Marine systems are an important potential major source of renewable energy, the government predicts the marine renewables industry could be worth $76 billion by 2050, and provide 68,000 UK-based jobs (Carbon Trust, 2011). Tidal turbines generate electricity from the kinetic energy of the tidal motions of the Earth's oceans. A typical turbine generates a maximum power of 1 MW. In order to extract an economically useful amount of energy, many such turbines must be placed in the same site. However, there are two major concerns, firstly, when a turbine is placed, it changes the flow around it and secondly, the tidal flows are not consistent and regular. There are many possible distributions of these turbines, each of which generates a different amount of power over a tidal cycle. The question arises, how should these turbines be configured to maximise the power extracted? This problem is a difficult engineering challenge of potentially major significance to the UK economy.

This question has been a major focus of the recent research of Dr Matthew Piggott in our Department of Earth Sciences and Engineering, along with his collaborators at MeyGen Ltdwho describe the problem as one of their key project challenges. With support from the EPSRC IAA, Matt has been working on developing a software tool that will provide marine energy firms with turbine design layouts for potential tidal sites.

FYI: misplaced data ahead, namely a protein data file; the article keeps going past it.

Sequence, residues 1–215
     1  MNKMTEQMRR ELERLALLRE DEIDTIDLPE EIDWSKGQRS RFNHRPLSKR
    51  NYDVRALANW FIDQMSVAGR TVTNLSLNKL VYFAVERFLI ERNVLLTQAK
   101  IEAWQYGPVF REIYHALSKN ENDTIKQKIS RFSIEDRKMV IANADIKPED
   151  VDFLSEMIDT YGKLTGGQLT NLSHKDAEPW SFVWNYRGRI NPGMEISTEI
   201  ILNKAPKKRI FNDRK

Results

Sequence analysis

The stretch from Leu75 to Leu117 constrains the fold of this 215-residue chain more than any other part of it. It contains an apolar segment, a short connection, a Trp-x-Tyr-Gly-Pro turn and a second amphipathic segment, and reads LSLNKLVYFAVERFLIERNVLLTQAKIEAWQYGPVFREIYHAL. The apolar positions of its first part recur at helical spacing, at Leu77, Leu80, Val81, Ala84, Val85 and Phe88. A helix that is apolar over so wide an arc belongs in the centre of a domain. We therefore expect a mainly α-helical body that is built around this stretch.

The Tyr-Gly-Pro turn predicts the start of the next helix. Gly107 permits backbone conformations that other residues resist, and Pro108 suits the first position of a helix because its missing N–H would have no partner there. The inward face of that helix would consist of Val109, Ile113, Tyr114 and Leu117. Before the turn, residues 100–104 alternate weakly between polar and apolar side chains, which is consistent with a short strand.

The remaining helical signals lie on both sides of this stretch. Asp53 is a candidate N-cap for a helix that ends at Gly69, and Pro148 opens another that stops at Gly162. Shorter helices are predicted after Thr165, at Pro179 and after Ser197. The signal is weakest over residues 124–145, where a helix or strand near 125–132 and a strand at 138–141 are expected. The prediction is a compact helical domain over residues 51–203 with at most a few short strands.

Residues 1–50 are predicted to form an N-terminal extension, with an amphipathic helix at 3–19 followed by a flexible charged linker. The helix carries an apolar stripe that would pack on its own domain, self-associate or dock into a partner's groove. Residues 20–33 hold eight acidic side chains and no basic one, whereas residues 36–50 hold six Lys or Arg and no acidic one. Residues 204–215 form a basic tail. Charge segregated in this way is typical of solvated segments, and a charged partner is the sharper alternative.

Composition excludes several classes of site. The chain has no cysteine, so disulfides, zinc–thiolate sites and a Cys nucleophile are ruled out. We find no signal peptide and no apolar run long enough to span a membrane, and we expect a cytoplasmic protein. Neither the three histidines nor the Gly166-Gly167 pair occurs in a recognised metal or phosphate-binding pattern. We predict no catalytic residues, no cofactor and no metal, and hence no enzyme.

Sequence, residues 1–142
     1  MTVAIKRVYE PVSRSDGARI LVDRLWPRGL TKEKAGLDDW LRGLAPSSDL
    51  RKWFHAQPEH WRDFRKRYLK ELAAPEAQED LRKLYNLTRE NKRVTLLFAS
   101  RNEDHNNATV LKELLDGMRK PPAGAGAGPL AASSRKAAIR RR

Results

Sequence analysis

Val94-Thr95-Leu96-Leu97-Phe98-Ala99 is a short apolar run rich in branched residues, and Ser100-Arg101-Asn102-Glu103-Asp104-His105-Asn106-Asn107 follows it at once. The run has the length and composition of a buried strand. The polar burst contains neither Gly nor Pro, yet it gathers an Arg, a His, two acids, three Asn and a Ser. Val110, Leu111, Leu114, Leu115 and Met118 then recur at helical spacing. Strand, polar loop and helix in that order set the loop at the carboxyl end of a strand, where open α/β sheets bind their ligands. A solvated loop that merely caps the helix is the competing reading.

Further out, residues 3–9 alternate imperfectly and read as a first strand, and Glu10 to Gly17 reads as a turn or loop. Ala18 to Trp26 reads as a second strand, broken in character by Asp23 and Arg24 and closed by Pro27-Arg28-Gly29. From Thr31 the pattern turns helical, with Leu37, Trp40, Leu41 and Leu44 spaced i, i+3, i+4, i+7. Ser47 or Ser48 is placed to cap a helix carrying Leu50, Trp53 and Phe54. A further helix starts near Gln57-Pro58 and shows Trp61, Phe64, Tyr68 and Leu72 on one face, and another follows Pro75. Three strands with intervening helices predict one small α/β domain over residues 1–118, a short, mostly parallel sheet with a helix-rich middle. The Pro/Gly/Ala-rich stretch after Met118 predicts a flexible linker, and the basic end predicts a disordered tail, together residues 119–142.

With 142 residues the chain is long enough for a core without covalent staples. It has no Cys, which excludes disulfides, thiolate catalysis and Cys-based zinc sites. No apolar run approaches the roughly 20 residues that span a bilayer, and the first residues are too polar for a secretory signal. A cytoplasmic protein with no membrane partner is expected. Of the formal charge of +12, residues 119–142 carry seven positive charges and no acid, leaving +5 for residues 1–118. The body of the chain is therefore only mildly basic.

Matt continues to work on the development of these tools and recently secured over £0.5M funding from the EPSRC Software for the Future initiative in collaboration with a number of external partners and colleagues from the Universities of Edinburgh and Oxford, and internally with colleagues in the Departments of Computing, Mathematics and Aeronautical Engineering.

Further information may be found in the following publications:

Funke SW, Farrell PE, Piggott MD, Tidal turbine array optimisation using the adjoint approach, Renewable Energy 63, 658-673, 2014. doi:10.1016/j.renene.2013.09.031

Culley DM, Funke SF, Kramer SC, Piggott MD, Integration of cost modelling within the micro-siting design optimisation of tidal turbine arrays, Renewable Energy 85, 215-227, 2016. doi:10.1016/j.renene.2015.06.013